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Elizabeth Warren's husband explains how their dog, Bailey, sent him to the ER

Elizabeth Warren and her husband, Bruce Mann, were sitting down together for their first joint interview of the 2020 campaign in their home in Cambridge.

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MJ Lee
, CNN Political Correspondent
CNN — Elizabeth Warren and her husband, Bruce Mann, were sitting down together for their first joint interview of the 2020 campaign in their home in Cambridge.

In the middle of the interview, Mann got stuck on a question: What was something he could share about his wife that the public didn't already know?

Suddenly, turning her attention towards the kitchen, Warren yelled out: "Oooh!" Bailey, the couple's 16-month-old golden retriever, had bounded into the sunroom, making a beeline for the senator and her husband.

"To the rescue! Bailey!" Mann joked.

"Good boy," Warren said.

Hours earlier, Mann and Bailey had opened the side door of their Cambridge home, letting CNN reporters inside for the couple's first joint interview of the campaign. Mann's left hand was in a cast.

As Mann explained it, Bailey had recently been roaming off-leash in the neighborhood. He started playing with another dog, but soon "the play stopped, and the other dog attacked him." Mann got between the two dogs, and his hand caught on Bailey's harness, resulting in a broken finger.

Mann, a professor at Harvard Law School, headed over to campus to teach a class before taking himself to the emergency room.

Later, when Warren joined Mann for the joint interview, she wanted to set the record straight: "Bailey got jumped."

"Let's be clear. Bailey was jumped by another dog," she said. "And Bruce went to Bailey's rescue."

Both Warren and Mann have long been dog people. As Warren writes in her autobiography, "A Fighting Chance," when she was teaching at the University of Pennsylvania years ago, a group of students surprised her with a golden retriever puppy on the last day of class.

In the course of their wide-ranging interview, Warren and Mann pointed to Bailey as one of the most important ways in which they have tried to keep a sense of calm this year as the Massachusetts senator has been running for President.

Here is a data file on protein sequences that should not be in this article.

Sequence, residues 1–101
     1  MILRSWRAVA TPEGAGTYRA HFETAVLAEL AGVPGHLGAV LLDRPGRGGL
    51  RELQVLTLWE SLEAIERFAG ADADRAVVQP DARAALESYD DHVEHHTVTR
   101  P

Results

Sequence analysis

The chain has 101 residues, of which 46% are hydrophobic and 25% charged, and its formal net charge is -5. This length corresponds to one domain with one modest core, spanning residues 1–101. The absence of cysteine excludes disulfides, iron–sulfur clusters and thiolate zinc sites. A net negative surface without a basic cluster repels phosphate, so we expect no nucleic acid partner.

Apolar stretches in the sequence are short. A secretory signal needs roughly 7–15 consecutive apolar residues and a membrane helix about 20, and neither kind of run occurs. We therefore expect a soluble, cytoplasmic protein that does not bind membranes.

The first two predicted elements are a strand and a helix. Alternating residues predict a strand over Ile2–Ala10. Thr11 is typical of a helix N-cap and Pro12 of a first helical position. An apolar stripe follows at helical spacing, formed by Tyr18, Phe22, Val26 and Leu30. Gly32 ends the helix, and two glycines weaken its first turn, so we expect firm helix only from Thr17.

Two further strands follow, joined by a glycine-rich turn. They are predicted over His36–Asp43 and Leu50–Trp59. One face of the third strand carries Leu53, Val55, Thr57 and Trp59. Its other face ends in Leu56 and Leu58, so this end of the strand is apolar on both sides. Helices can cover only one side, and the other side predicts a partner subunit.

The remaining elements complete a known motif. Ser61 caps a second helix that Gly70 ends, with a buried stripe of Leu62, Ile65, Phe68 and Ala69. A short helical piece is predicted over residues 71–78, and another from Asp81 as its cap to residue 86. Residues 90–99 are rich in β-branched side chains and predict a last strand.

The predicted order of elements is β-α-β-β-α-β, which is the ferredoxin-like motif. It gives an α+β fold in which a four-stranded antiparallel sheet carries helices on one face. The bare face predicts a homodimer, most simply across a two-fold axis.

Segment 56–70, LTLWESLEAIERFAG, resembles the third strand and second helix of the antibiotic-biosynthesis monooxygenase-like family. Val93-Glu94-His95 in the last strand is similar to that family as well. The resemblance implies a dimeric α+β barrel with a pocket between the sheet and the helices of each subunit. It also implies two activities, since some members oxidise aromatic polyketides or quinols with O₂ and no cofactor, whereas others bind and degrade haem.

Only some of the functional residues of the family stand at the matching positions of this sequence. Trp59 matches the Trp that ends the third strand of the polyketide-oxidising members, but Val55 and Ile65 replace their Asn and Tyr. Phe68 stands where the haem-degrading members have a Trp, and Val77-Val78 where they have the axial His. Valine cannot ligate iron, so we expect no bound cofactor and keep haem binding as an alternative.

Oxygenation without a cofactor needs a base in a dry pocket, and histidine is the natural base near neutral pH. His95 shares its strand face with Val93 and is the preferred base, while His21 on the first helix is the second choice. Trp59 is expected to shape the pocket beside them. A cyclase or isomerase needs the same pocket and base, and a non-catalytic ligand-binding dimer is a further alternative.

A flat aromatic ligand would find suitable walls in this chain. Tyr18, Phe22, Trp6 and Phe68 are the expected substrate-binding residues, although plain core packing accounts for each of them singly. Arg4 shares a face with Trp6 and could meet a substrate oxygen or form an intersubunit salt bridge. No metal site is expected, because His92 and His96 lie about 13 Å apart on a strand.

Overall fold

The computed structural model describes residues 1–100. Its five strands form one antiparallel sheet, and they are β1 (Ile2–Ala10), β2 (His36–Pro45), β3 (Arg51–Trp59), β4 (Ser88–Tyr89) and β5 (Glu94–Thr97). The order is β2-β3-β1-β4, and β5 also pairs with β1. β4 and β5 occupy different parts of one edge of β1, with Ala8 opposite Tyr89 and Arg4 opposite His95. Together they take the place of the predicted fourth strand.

Their previous golden retriever, Otis, "had gotten Elizabeth through" her first Senate campaign in 2012, Mann said -- "just by being this big fluffy golden."

"Otis was the calm. You can do this. We'll get through this together," Warren said. "I would often brush Otis while I'd be on a phone call."

Otis died just days before Warren's Senate victory. It was a painful loss for the couple, and for years, they said, they couldn't fathom taking on everything that came with taking care of a dog again as Warren juggled her new job in Washington and Mann continued to teach at the law school.

But last summer, Mann saw an opening. One of their grandchildren was visiting, so he would be home in Cambridge for an extended period of time rather than commuting back and forth to Washington, DC. He seized the moment and brought Bailey home.

Now, as Warren runs for President, whenever she is home in Cambridge, the couple makes time to drive over to Fresh Pond with Bailey. A "really good day," Warren said, is when they can do the loop around the pond twice in one day.

Getting Bailey last year "probably made no sense at all," Warren said, but now, they "can't imagine life without him."

"And besides, there's really nothing better than a golden retriever puppy to create the illusion of normalcy," Mann said.

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